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More to It!: Bite Size News

What is "spin"? Commonly associated with political public relations, spin can be characterized as presenting an issue in a perspective most favorable to a given point of view. It can be created by presenting information favorable to the perspective and by omiting or rebutting unfavorable information. It can also be enhanced through the use of images. Visual media use color, shape, lighting, and size to evoke emotional responses and convey latent messages by arousing an emotional response in the viewer.

Consider the Cottingham's lithograph Art (below). How does it make you feel?


Warm colors such as red, orange, and yellow tend to make us feel positive and secure. Cool colors like blue and violet make us feel calm. Gray and black make us feel sad and uncomfortable. Similarly, a bright image evokes feelings of security and happiness, while a dark image arouses fear and apprehension.

Positive feelings of progress and enlightenment can be created by diagonal lines running from bottom-left to top-right. Left to right movements are perceived as natural and harmonious. Conversely, diagonals from top-left to bottom-right induce feelings of failure and descent, and movements from right to left increase tension. Camera angle is particularly important in portrayal of people. A person filmed from low angle appears larger, more important and powerful, while a person filmed from a high angle looks small, weak, and vulnerable.

The connotative meaning of props such as flags, balloons, jelly beans, and religious icons are symbols reinforcing the latent message in an image.

Cottingham describes the circumstances that lead to the creation of Art:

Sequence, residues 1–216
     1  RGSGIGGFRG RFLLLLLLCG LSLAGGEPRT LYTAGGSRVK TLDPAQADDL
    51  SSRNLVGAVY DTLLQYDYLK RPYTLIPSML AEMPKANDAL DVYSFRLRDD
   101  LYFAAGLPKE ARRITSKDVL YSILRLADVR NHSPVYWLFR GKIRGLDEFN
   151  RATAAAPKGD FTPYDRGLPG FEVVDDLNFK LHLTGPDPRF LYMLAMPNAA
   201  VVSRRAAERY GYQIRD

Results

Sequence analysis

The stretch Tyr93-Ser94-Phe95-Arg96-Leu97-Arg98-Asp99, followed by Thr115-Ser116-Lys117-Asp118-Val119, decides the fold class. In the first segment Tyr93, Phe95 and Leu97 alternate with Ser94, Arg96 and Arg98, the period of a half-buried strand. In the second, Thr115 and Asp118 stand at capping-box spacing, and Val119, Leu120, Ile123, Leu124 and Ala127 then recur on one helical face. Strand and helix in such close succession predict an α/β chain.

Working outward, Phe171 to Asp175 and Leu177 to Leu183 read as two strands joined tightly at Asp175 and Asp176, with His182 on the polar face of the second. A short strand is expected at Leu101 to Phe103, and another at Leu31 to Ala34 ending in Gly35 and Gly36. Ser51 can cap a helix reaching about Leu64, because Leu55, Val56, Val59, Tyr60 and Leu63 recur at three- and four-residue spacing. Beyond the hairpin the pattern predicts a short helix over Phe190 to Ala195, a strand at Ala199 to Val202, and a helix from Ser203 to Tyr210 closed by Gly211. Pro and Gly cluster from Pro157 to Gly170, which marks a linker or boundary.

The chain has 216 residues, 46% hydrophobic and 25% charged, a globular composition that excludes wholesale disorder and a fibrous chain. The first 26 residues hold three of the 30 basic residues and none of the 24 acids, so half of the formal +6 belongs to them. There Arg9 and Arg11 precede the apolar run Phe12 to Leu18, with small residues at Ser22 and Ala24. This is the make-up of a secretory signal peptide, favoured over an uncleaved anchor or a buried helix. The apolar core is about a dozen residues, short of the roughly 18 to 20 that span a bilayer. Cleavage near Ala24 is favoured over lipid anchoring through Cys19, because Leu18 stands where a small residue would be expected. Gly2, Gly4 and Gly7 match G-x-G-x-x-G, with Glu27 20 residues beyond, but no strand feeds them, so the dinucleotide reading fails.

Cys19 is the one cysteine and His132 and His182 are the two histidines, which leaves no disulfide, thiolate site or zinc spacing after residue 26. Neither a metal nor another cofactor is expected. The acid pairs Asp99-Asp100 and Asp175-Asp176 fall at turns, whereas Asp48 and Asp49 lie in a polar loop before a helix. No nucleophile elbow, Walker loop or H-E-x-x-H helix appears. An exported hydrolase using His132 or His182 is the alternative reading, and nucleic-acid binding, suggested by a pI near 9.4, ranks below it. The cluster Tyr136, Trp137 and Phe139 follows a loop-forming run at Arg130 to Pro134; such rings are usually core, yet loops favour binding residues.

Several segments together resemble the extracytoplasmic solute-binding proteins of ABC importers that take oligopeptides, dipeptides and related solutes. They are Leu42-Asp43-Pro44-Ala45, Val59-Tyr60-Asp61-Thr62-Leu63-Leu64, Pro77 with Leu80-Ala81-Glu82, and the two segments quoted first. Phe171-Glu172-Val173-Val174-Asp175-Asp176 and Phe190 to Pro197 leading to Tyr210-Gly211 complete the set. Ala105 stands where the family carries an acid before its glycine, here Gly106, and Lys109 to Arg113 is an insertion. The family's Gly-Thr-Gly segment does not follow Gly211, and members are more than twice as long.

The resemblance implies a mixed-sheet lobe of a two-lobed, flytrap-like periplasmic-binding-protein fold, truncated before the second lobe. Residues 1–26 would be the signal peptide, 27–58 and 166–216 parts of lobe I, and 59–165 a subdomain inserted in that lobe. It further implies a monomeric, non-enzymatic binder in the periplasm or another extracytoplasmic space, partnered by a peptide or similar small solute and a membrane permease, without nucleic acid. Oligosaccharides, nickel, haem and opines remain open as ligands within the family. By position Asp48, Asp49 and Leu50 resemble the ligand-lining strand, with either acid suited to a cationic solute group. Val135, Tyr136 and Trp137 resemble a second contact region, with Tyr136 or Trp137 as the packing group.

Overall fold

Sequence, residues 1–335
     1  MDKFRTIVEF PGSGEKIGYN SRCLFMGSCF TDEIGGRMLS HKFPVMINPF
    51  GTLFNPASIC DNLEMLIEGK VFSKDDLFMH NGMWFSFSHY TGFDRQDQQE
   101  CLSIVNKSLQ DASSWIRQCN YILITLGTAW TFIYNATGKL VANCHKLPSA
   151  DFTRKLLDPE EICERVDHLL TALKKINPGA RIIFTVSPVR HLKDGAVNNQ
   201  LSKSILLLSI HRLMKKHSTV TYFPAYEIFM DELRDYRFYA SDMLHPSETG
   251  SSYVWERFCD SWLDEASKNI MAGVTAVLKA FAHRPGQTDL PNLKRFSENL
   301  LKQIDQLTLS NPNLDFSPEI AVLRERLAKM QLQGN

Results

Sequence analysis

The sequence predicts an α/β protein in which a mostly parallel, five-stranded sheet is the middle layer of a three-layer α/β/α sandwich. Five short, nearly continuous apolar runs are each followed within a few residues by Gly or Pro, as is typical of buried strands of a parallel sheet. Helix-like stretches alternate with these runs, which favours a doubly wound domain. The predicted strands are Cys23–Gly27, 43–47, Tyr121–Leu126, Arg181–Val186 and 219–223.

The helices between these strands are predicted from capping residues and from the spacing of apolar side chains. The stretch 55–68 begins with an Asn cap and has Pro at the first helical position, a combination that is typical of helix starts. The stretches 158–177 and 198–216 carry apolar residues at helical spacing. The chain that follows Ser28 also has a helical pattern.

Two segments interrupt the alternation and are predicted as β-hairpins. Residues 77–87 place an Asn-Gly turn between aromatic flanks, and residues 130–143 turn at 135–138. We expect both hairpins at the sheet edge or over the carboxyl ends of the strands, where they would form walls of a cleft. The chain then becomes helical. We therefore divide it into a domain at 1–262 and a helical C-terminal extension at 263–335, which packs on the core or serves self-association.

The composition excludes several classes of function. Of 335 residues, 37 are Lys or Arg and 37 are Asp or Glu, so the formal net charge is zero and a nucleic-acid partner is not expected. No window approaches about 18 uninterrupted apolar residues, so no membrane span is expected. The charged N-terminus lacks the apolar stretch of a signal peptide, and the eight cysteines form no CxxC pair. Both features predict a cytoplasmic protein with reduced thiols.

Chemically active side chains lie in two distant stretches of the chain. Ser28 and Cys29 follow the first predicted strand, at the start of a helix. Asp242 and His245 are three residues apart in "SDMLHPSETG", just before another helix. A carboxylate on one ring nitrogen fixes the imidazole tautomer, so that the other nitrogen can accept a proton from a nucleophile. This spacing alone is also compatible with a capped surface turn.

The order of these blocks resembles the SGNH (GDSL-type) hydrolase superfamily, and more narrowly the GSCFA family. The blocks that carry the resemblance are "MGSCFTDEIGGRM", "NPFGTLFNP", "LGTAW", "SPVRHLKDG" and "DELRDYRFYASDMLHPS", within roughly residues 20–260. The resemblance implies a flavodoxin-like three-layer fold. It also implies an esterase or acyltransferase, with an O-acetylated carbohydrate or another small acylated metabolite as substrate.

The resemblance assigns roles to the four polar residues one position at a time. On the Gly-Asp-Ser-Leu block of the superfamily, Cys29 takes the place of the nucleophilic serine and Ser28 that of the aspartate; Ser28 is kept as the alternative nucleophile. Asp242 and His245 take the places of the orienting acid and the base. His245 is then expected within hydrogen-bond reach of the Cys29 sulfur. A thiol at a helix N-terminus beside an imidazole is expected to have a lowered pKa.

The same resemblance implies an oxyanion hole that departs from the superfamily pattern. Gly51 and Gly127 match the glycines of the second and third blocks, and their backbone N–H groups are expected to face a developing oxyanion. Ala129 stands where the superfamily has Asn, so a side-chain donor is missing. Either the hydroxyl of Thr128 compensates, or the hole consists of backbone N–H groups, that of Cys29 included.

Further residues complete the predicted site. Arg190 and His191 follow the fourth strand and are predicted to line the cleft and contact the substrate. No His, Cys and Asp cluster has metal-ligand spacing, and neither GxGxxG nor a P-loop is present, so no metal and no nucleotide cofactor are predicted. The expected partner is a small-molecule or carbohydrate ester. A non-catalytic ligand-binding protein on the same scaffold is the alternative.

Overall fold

In the summer of 1970, I was wandering around Los Angeles photographing movie marquees. Downtown, on a forgotten back street, I discovered the Art Theater, a small run-down movie house. Its ticket-taker was standing outside in black jeans and a T-shirt. He gave me permission to change the film in my camera inside the theater, away from the afternoon glare. I came out and took one photograph of the first three letters of the marquee. This was the basis of my 1971 painting, and my 1992 lithograph.
If you were to write a paragraph with a spin consistent with the visual messages in Art, would it mention forgotten back streets or a run-down movie house?

Compare the Public Relations Society of America's Code of Professional Standards to an article in PR Watch, published by the Center for Media & Democracy.

Propaganda can be considered an extreme form of spin. Propaganda posters, like This Is the Enemy (below), were widely used during World Wars I and II. For information on This Is the Enemy and other posters, visit NMAA's virtual exhibition Posters American Style.

This is the Enemy!
To learn about propaganda techniques and see recent examples, visit Propaganda Analysis Home Page at the University of Washington's web site.
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